MADISON (WKOW) — Just behind Fountain of Life Church on Madison’s south side is a six-acre lot that will soon house a 65,000-square-foot facility dedicated to Madison’s black community. The facility’s founders hope the Center for Black Excellence & Culture will serve as a home and community center for black people in the city.
Dr. Alexander Gee, Jr., who also happens to be the pastor of the nearby church, is spearheading the project and says the three-story facility will house a theater, gymnasium, library, space for young people and various meeting spaces.
“We felt what Madison was missing was a real cultural home, where the black community can come to gather, plan and celebrate,” Gee said. “And that space doesn’t exist so far.”
Currently, the six-acre site is home to a garden, field and a small office building. All of this will be cleared to make way for the $36 million facility.
The project is also led, designed and inspired by black people – something Gee says was very important to him.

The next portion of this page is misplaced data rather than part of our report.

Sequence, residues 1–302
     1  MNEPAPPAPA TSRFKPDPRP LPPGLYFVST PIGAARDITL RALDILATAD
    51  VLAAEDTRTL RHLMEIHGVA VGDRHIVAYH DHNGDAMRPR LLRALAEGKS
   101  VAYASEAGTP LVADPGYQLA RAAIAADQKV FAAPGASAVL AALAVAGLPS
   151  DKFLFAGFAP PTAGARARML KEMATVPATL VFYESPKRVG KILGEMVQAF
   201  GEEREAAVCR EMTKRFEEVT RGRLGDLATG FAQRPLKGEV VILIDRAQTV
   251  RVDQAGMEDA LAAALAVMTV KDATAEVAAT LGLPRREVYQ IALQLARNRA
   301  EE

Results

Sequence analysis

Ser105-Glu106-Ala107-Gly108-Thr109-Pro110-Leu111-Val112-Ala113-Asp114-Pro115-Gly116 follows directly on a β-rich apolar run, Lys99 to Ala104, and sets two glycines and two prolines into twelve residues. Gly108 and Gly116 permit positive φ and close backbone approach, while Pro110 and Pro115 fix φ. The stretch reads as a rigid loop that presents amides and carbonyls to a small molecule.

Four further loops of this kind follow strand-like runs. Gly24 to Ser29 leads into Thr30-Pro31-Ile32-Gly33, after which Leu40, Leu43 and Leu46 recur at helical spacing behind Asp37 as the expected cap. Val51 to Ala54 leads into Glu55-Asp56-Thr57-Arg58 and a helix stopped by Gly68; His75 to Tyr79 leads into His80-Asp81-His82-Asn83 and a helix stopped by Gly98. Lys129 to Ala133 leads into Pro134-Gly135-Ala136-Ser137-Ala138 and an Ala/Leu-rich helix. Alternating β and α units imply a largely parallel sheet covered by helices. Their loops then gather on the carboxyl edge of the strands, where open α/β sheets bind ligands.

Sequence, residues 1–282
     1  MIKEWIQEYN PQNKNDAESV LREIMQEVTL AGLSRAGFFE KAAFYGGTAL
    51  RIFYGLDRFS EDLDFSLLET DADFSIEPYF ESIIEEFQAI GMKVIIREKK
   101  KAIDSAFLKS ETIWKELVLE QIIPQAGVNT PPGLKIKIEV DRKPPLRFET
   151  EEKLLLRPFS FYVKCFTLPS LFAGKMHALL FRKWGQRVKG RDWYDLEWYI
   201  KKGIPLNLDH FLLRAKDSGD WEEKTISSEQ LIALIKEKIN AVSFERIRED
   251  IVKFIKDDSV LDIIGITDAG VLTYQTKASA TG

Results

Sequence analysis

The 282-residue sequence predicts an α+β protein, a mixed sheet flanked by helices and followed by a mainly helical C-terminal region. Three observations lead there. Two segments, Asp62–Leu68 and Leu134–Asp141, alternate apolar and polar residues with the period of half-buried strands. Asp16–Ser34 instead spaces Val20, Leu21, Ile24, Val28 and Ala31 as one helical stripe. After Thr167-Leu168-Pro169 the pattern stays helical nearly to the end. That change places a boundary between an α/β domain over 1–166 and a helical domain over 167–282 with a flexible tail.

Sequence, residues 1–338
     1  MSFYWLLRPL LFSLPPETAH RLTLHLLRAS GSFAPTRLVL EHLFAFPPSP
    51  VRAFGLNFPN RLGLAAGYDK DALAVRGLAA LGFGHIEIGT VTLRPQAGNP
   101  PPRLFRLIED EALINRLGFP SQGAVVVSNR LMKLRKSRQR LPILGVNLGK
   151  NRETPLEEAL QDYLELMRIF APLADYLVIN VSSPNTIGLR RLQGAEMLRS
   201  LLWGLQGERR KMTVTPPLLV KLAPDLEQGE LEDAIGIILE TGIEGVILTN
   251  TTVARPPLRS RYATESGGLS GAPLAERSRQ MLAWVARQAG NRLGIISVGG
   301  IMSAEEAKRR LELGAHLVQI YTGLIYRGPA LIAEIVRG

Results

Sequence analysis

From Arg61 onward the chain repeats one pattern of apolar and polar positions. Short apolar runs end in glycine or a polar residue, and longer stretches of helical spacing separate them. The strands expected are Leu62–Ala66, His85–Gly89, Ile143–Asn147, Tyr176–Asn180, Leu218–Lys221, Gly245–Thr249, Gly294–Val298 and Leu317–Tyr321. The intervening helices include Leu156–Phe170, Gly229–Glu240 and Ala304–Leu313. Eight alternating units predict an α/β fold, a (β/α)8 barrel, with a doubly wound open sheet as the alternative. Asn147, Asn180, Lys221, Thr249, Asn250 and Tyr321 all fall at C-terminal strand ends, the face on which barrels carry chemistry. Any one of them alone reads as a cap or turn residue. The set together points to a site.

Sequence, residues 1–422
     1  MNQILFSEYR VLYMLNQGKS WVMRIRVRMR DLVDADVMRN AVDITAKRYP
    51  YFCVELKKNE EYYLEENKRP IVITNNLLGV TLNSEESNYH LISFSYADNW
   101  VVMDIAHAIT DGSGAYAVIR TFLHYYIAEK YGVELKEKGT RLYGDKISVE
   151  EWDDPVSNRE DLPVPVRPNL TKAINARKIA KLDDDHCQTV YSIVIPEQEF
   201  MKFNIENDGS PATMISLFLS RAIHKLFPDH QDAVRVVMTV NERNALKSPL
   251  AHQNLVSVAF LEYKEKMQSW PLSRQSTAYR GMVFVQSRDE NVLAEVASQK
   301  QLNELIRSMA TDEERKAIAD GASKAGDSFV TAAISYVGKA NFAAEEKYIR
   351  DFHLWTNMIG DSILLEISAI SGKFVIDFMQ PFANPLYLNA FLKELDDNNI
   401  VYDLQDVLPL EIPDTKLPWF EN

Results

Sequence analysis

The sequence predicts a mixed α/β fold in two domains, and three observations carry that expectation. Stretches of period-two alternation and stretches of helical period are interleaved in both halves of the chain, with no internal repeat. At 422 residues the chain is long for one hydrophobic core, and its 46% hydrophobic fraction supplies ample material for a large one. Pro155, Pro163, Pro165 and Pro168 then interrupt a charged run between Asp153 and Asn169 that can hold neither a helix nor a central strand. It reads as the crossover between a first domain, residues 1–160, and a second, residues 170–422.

“As a black person who grew up in this community, the images of myself, my story and our contribution – it was very negative,” he said. “I want people to understand that Africans have touched and shaped the world, it engenders a sense of pride.”
Frances Huntley-Cooper is co-chair of the project and says the new center will serve as a place for African Americans in Madison to come together and celebrate their culture.
“It gives people the opportunity to have a place to come and talk to other people who look like us and feel comfortable,” Huntley-Cooper said. “‘Where do you get your hair done’ and ‘where do I get my nails done’, and all those sorts of places and things like that. That doesn’t exist.”
Project organizers say more than $10 million has already been raised and construction is expected to begin by the end of the year. The project is expected to be completed by the end of 2023.
Gee says the location of the center is critical. More than 140,000 cars pass through the Park Street exit where the center will be located – an opportunity to let black people in Madison know when they pass by that they are welcome.
“My ultimate goal is to know that I’m working with black people who haven’t given up on Madison,” Gee said. “Although we have often felt that this community or the state has let us down, we are always at the table trying to make this community better for everyone and inclusive for everyone.”